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port the very day the peace was signed. I do
not think the captain committed many murders,
but he must certainly have impoverished many
merchants.

A few days afterwards, something happened
that gave me a sense of the horrors of war, and
especially of war carried on by legalised robbers,
cruel and reckless. A privateer was seen by
a government cruiser lurking about the harbour.
Entangled in a fog, the French robber was
surprised by daybreak within two miles of Dover
chalk-cliffs, and out flew at him our winged
bull-dog. The fight was stubborn. The enemy,
when their shot was exhausted, loaded with
poker knobs, shreds of iron, and tenpenny nails
I am not quite sure if even on this occasion
the old story of the captain firing round Dutch
cheeses at us was not revived. Our sailors
were vexed at the escape of Le Petit Renard,
and at the numerous murders and robberies
committed by the French privateers. The
Channel, once safe as the king's highway, had
grown dangerous as a cut-throat lane near
Bagshot, and our cruisers were to turn "runners,"
and brush off the scum. Our seamen, too, were
the crew of a proverbially smart vessel, and had
the honour of their ship to maintain, and their
pride was hurt that the men of Le Petit .Renard
should be able to brag over their wine, in Dunkirk
cabarets, how they had been under our very
nose, and made us burn a ton of powder
without killing a Frenchman or blowing away
even an old sail. So, they first pounded the
thief well, crushed him up as hungry men
do a biscuit, riddled his sails, cut away his
figure-head, half stove in the stem, then
poured in the boarders with a flood of
cutlasses. In ten minutes the vessel was theirs,
and the captain, found close to the powder-
magazine door, was nailed to that door with a
boarding-pike.

I saw our vessel, the Sea Swallow, return,
blossoming with flags, and having the French
ship in tow. I went down to the pier in the
crowd to cheer and to look. I shall never forget
that bright morning, with the sun burning the
fog away, so that it shrivelled from the sky like
so much dross from a caldron of melting gold.
The sky was liquid blue; the two vessels were
close to the pier; the English ship was little
hurt; already the sails were being patched, and
the rigging repaired, but the French ship lay a
wreck, sails blown to tinder, ropes dangling in
innumerable knots and halters. There was a
crimson sheen on the white splintered planks
and on the white torn seams; the cabin-doors
were broken and split; and the dead men,
brainless and battered, were laid ready for
rough sea-burial, in red heaps. Suddenly
some rough voices broke into a hearty French
song:

"Oh! s'il n'est pas en Paradis,
II est en Purgatoire-a!"

It was a handful of the French sailors who
had come safely out of it (though a few had
their heads tied up); they were sitting round
the galley fire, cooking some soup, and singing.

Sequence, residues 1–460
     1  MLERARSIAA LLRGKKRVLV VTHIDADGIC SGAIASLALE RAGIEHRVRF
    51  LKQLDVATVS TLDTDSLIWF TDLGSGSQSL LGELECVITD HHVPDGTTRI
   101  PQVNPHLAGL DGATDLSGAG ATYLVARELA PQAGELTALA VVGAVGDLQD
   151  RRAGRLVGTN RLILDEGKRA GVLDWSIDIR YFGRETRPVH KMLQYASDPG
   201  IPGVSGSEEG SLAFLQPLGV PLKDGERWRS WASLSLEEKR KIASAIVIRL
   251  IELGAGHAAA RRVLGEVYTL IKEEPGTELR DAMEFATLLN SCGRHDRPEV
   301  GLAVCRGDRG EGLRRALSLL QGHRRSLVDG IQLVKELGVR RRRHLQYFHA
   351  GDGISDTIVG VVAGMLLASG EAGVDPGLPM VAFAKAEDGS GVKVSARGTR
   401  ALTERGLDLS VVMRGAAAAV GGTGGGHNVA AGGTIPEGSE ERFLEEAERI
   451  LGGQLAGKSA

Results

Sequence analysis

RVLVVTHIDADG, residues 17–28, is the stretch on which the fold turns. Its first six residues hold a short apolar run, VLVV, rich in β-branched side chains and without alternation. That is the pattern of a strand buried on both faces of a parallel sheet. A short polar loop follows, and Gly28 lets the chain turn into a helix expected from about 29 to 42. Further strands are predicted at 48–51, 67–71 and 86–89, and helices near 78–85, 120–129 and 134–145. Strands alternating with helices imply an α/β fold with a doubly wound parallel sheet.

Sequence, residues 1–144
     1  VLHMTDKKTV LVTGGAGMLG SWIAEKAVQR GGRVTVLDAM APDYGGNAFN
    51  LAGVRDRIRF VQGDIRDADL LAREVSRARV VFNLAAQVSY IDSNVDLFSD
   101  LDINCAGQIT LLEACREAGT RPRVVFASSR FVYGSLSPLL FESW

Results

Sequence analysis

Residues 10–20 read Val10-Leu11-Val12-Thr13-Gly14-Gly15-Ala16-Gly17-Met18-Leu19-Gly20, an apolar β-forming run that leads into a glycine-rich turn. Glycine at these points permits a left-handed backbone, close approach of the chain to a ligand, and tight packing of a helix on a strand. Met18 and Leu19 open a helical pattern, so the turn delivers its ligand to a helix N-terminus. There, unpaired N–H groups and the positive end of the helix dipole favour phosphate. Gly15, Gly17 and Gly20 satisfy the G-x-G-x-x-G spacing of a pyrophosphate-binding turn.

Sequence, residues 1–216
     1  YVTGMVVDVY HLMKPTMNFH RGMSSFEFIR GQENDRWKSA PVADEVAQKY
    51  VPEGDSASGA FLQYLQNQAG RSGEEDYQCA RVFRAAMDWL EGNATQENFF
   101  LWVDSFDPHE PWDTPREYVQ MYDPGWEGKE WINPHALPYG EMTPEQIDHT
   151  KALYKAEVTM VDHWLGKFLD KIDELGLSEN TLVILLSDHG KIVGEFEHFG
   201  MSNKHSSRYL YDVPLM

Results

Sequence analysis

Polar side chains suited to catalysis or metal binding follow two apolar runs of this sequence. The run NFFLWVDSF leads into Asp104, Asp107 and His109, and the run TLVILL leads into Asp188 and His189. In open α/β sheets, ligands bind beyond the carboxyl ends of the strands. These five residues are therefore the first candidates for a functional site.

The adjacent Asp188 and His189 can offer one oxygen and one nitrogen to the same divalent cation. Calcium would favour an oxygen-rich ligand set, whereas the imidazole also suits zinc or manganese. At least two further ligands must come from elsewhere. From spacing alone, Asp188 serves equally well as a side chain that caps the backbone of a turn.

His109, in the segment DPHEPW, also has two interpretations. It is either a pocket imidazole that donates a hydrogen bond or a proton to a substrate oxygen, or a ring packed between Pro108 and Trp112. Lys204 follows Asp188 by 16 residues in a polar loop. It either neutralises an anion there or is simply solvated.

Light-hearted song-birds, so soon to get
accustomed to their new cage!

None of our family ever had a share in a
privateer but one, and he was not lucky. The Sea
Hawk struck on the bar on her first trip from
the harbour at Jersey, and the second trip, after
being repaired at a great expense, she was
snapped up by Le Petit Renard, and never heard
of afterwardsnot even in that dark fleet of
English merchant-ships and small craft, found in
Dunkirk harbour at the peace. My kinsman
being a conscientious man, and a prudent man,
would never, therefore, have anything more to do
with privateers. There seemed to be, he thought,
a curse upon them.

A friend of mine went the other day to the
seaport where he was born. His first inquiry
was about one of his father's old friends.

"Dead and gone!" said the old sea-captain
he asked, looking thoughtfully at the bowl of
his pipe, as if it aided memory or reflection
"dead and gone, and his money all melted from
him like snow, too. He was the last of the men
in our town who made privateering fortunes,
and they all went to the bad; sou'-west or
nor'-nor'-west, away it all went. It is true enough,
depend upon it, what has been often said in
this ere town, that no good ever came of
privateering money; there was innocent blood on
it."

Can we wonder at the general exclamation,
of horror which arose in England when it was
reported that the Southern States of America
were about to let fly their privateers at the
North, and all without even a special protest
from England on the folly and inhumanity of
the act? Any attempt to partly blockade a
Southern port, and keep in her cotton, England
would not allow; but to let fly a swarm of
pirate ships, many of them chartered by the
scum of the Northmen who would dive into
an Atlantic full of blood, to pick put a dollar
is not even to be protested against. We no
longer poison bullets or stab prisoners, yet we
allow legalised pirates to pursue their devilish
calling, merely because those pirates choose to
hoist a Southern flag and call themselves
Southern privateers.  Yet do not think that in
future wars the toleration of such inhumanity
will not recoil on us. Who is there who can
sow the wind and yet refuse to reap the
whirlwind?

Yet, that statesmen should tolerate such things
is no wonder. Those great-minded helmsmen are
too busy in keeping their legs, to trouble
themselves about ideals. They have to laugh away
popular wrath, to smile away opposition, to scoff
away attacks, to badinage away reforms that
they do not themselves originate. They do not
want vexatious debates on abstract subjects.
Wars are bad things, but they employ officers
and encourage promotion; they keep the
opposition quiet, and are excuses for taxes; they
postpone reform, and increase ministerial
popularity. But the bayoneting, the shooting, the

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